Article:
Monday evenings have become a kind of Dysfunction Junction at our house, as we curl up in front of the TV and watch A&E's prime-time offerings, Intervention and Hoarders.
We find Intervention compelling in part because we've dealt with addiction in Fellow Traveler's family and in our broad circle of friends. We recognize the behaviors, the rationalizations, the resistance to help. And we're also cheered by the success stories of this series. When we see the show postscripts that announce a participant has been sober for months or years, we cheer.
Hoarders is a different matter.
I've seen this behavior firsthand. My aunt M, in the later years of her life, could have been a subject for this show. Her hoarding literally drove her out of her own home. After she was hospitalized, I remember spending a day with my mother trying to sift through her mountain of collected trash, looking for family papers and keepsakes, and finally giving up when the job became too hopeless.
I also detect seeds of this disorder in myself. In my life my out-of-control accumulation of stuff has been, thankfully, confined to discrete areas -- to the infamous Alligator Room of The Cottage; to the trunk of my old car. And unlike my aunt, and most of the subjects of Hoarders, my struggles with material chaos have been less a matter of attachment to things -- I actually find a sense of happiness and relief in giving other people things I no longer need -- than a sense of being overwhelmed by the stuff of life to the point of paralysis...and more than a touch of perfectionism; wanting to come up with a system, a "right" way of wresting order out of disorder, before actually doing anything.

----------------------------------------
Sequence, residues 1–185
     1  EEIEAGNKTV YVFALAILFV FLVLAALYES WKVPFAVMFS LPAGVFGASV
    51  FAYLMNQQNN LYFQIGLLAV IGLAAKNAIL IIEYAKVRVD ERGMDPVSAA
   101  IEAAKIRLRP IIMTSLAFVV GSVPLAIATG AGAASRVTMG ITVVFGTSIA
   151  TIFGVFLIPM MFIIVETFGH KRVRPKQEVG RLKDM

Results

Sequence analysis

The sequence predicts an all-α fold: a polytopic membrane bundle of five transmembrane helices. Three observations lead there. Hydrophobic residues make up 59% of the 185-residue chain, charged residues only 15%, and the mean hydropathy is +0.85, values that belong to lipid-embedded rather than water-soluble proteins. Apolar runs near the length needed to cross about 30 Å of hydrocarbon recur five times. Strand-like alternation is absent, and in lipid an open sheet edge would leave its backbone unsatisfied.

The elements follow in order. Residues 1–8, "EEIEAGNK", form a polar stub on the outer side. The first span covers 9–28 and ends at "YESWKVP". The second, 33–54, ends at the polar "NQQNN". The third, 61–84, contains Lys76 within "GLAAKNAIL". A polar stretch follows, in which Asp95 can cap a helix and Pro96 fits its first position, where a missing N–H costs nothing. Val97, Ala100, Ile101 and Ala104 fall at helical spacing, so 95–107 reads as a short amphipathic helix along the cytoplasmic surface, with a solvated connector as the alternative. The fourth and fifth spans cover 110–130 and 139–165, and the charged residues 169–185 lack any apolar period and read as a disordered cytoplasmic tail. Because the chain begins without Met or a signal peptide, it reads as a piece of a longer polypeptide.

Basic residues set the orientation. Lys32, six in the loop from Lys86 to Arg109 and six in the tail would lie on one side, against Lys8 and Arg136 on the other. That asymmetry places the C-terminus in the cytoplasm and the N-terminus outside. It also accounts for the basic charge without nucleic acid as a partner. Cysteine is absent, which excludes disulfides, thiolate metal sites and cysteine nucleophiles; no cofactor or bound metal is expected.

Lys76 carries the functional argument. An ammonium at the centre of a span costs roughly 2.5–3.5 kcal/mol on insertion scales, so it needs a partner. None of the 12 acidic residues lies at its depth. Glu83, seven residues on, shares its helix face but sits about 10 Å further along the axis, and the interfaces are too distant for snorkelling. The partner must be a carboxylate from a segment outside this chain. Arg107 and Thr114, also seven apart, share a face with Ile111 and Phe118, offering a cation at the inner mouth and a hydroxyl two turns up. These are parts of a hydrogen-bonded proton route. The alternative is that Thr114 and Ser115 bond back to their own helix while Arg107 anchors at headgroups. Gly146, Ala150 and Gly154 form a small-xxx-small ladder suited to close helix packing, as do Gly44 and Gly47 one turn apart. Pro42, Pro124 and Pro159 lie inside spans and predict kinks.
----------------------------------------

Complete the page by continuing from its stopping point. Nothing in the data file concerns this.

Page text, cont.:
So Hoarders strikes home for me in the same way that Intervention strikes a note of fear in the heart of someone whose family is predisposed to addiction.
And what's especially troubling is the lack of success in helping the Hoarders subjects, who are picked on the basis of crises related to their behavior. I visited the Hoarders website and was rather disheartened to see that almost none of the participants have made substantial progress in getting well. The producers admit that the short time frame in which the participants are compelled to clean up their homes is part of this poor track record -- the professional organizers and therapists assigned to each project may be able to help the individuals achieve some degree of order and cleanliness in their living spaces, but there's not enough time to adequately address the underlying behaviors. And...sadly...hoarding is a compulsion with a poor prognosis; there's no pharmaceutical or other therapeutic magic bullet.
Since I've been watching this show I find I've been paying more attention to housework; been trying to come up with a basic, not-too-rigid schedule for cleaning and tidying that cuts down my anxiety level and, on some level, reassures me that I am not in danger of turning into my aunt.